of the Wind/C+,B+
Bride of the Wind is the story of Alma Schindler Mahler, a free-spirited Viennese
woman who served as inspiration to a number of famous men of her
time. Muse to composer Gustav Mahler, captured on canvas by Gustav
Klimpt and Oscar Kolkochka, Alma also won the heart of architect Walter
Gropius and poet/novelist Franz Werfel. Sounds like she must have been
one exciting woman.
surveys the Vienna scene. ©Paramount
Directed by Bruce Beresford, the film starts out in colorful
fashion recalling the excitement of turn-of-the-century Imperial Vienna, capturing a scent
of the streets and opulence of its balls, but it quickly retreats into
the dark interior confines of the various homes of Alma Mahler. The
story never manages to soar with the music. Alma is a rather pathetic
character She certainly fails to live up to her lofty reputation. The
music, especially Mahlerís, is often wonderful, but itís luster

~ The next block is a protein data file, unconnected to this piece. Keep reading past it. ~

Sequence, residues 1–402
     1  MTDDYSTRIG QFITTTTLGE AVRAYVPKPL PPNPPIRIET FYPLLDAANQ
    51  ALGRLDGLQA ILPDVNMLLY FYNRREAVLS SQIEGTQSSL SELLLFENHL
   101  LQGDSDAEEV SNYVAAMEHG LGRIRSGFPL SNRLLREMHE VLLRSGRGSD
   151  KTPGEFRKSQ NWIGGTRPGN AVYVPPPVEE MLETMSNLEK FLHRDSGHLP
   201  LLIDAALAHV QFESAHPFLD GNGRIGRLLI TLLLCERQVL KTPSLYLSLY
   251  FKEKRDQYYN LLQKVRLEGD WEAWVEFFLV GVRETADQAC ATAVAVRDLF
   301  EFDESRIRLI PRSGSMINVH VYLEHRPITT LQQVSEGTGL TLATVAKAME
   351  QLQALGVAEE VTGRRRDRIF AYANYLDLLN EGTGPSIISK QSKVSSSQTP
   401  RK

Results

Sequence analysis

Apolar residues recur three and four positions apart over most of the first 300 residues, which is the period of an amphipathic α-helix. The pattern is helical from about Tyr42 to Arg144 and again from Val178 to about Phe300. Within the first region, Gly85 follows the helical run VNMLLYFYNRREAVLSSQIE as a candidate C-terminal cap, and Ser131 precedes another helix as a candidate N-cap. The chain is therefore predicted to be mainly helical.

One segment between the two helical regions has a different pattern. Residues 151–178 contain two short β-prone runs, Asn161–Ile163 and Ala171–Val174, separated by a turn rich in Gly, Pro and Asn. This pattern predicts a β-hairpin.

fades under the heavy mantle of an all-too reverent script. Even the art
that is much on display fails to excite the imagination.
Sarah Wynter is appealing as Alma Schindler Mahler,
but she's rather boring. Is this the woman who lit a passionate fire
under so many famous men? Wynter lacks the fire needed to communicate
such an independent spirit. Jonathan Pryce is amazing as Gustav Mahler.
With very little apparent make-up he's a doppelganger for the composer.
Pryce delivers a precise portrait of the artist, strangely sympathetic considering
this is really Alma's story. Oscar Kolkolhka is played by Vincent Perez
with rather artificial passion and Walter Gropius gets an
effectively cold architectural performance
The Dolby Digital 5:1 sound track
delivers the sections of beautiful music with an open, enveloping sound
stage. It's equally adept with
the big orchestral pieces and the intimate piano passages. When director
Beresford chooses to turn on the visual charm, the DVD looks quite
lovely. Colors spring to life from the screen. The ball scene is a
delicious explosion of color, boldly saturated yet tightly controlled.
Most scenes are quite sharp and shadow detail appears to be a reasonable
representation of the artistic intent. Lush sets are polished with
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